“Fear no more, O daughter Zion; see, your king comes, seated upon and ass’ s colt” ~John 12:15
It begins the Great or Holy Week, when in 8 days we celebrate the greatest secrets of Christianity: Jesus’ passion, death, burial and resurrection. The flowering plant is an introduction to that celebration. The contents of the Palm Sunday reveal the priest’s greeting, which begins the faithful’s meeting in the church, and reads: “Today we gather to begin the celebration of the Paschal Mystery, that is, the Passion and Resurrection of Christ.” That is why Jesus entered his city of Jerusalem, ready to accept the cross in order to redeem people from evil for the freedom of the sons and daughters of God.
“Dear brothers and sisters!
The solemn revelation of Jesus’ passion – brought to us today by the Gospel of Luke – has certainly evoked in all of us, who are people of faith, deep feelings and thoughts that lead us to a radical conversion of life.
And indeed, this is exactly what the path of prayer and penance, typical of the Lenten season, was supposed to lead us to.
Jesus solemnly enters Jerusalem and this represents an event of fundamental importance, above all for Jesus, and then for his disciples and for us today, the people of the New Covenant in His death and Resurrection.
Instead, by entering the Jerusalem Temple, after the solemn welcome we remembered a few moments ago, Jesus makes us understand that the Kingdom of God is the true inheritance of salvation, whose Messiah, the Savior, makes men its partakers again, and who have lost it. because of the misery of his own sin.
Therefore, dear brothers and sisters, with Jesus we come out of the illusion of the ancient temple to enter into the reality of the salvation of the kingdom of God, through the journey, which above all requires, to leave sin and all that is evil in God’s eyes.
Each of us carries a lot of good in us, but also a lot of bad. Here, if we want to enter the Kingdom of God, we must strip ourselves of this evil, which not only harms us personally, but causes harm to the entire Christian community. And indeed, just as we speak of the “communion of saints,” that is, of the intimate communion among all those who use the gift of Baptism and who are consistent in that gift in their lives, so we can speak of the intimate connection between all who do evil and live in disharmony. with the commitments they received on the day of their Baptism.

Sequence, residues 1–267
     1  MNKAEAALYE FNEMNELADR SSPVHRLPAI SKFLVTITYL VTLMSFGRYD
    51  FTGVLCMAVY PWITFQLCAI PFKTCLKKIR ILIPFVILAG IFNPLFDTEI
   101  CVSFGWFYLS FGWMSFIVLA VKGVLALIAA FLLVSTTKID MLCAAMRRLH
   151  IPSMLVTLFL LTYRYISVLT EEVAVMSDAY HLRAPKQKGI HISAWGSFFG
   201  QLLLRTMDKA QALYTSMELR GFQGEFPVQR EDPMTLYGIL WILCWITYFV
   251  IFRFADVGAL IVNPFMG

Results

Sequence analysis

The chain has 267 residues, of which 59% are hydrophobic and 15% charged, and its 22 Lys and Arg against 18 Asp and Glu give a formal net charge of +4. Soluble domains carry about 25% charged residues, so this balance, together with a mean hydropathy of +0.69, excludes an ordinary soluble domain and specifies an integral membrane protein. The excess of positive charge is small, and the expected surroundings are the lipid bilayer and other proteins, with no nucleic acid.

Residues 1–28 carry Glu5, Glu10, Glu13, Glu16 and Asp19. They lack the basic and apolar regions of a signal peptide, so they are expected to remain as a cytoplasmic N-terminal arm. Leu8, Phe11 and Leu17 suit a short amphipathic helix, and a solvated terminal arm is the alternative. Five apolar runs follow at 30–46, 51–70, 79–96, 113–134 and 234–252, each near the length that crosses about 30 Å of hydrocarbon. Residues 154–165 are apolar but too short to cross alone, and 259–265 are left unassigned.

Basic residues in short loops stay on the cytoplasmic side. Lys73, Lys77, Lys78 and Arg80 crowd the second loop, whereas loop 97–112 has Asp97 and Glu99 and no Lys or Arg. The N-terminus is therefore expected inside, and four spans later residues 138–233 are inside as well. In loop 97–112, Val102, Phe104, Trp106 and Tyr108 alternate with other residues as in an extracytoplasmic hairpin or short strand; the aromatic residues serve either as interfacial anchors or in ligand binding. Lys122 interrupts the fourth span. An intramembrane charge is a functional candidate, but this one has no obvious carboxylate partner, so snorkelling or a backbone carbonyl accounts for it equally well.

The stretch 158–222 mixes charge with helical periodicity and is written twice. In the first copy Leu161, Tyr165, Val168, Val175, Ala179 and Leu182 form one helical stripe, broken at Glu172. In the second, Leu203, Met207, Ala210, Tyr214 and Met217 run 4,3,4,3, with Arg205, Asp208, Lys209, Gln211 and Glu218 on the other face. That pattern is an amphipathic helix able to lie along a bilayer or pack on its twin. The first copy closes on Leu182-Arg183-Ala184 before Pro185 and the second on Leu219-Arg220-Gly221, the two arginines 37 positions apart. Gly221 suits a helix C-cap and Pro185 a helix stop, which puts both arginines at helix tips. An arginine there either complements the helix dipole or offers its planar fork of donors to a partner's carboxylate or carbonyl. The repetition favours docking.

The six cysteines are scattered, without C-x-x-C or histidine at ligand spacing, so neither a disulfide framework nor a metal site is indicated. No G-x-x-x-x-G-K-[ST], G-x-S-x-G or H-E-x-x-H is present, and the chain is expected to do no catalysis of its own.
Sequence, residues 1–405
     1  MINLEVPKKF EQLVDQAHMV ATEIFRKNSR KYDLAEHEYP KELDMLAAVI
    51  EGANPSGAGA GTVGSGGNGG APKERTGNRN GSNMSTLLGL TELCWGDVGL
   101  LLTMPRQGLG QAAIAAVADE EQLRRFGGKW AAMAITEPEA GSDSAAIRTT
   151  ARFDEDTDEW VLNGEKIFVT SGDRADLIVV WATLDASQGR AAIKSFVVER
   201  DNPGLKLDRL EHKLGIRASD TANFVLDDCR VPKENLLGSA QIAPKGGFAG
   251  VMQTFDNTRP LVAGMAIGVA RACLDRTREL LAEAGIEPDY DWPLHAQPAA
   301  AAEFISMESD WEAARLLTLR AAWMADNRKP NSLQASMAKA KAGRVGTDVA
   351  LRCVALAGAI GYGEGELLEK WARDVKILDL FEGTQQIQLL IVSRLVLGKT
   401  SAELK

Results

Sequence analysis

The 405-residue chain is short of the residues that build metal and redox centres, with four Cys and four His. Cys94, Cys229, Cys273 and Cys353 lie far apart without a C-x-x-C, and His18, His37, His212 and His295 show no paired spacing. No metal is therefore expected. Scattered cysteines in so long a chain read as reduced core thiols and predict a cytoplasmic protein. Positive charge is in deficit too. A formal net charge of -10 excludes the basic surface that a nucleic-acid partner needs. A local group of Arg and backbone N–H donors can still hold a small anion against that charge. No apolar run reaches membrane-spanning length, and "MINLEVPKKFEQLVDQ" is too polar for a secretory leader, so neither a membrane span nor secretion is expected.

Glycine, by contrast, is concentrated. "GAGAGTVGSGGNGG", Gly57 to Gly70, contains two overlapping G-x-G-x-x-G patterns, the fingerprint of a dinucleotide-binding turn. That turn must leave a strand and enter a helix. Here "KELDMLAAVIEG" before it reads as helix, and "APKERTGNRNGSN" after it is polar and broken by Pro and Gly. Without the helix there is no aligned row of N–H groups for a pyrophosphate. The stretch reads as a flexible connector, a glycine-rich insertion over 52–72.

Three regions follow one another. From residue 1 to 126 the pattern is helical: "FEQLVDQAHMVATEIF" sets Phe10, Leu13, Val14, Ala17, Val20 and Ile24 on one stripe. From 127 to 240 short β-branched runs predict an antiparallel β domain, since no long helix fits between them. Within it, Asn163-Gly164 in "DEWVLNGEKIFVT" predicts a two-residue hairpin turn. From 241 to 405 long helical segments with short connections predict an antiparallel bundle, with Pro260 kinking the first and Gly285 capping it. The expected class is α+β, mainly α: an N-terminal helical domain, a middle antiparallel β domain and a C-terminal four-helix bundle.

However, there is another event that follows the solemn entry of Jesus into Jerusalem: the expulsion of the merchants from the temple, which we find in the Gospel of Mark, in chapter 11, verses 15 to 18.
In particular, by expelling the merchants from the temple, Jesus wants us to understand that the outward forms of godliness and all that is associated with them — which is sometimes misunderstood as the power of salvation — are in reality, in themselves, of no value, and unable to mediate. our salvation. Instead, they have value when they are an expression of a heart that is fully attached to the Lord, a heart that knows how to do God’s will, a heart that is obedient to the Church, even when the Church, in God’s name, offers us truths contrary to our way of thinking. , for the ways of the Lord do not coincide with our selfish and materialistic ways.
The flowering plant opens the door to Holy Week, into the sea of suffering that Jesus went through to enter into his glory. There are two reasons for this: First, Jesus ’passion and death are the foundation on which his glorious resurrection is built and on which our salvation rests. Through Jesus ’suffering we are redeemed, our sins are destroyed and atoned for, and we are reconciled to God. The Church cannot forget the suffering and death by which the world was saved, so it is mentioned every year for gratitude. The second reason is a unique event in our history – the resurrection of Jesus. Namely, Jesus earned eternal life by his death. One cannot forget the death by which Life came? Jesus ‘death overcame our death, and Jesus’ resurrection guarantees eternal life to the baptized. The Church solemnly celebrates this truth as the truth of salvation and the source from which Christian daily life is nourished, carried by the hope that our death, like Jesus’, will be a passage to Life.
In the name of the Father and of the Son and Holy Ghost, Amen.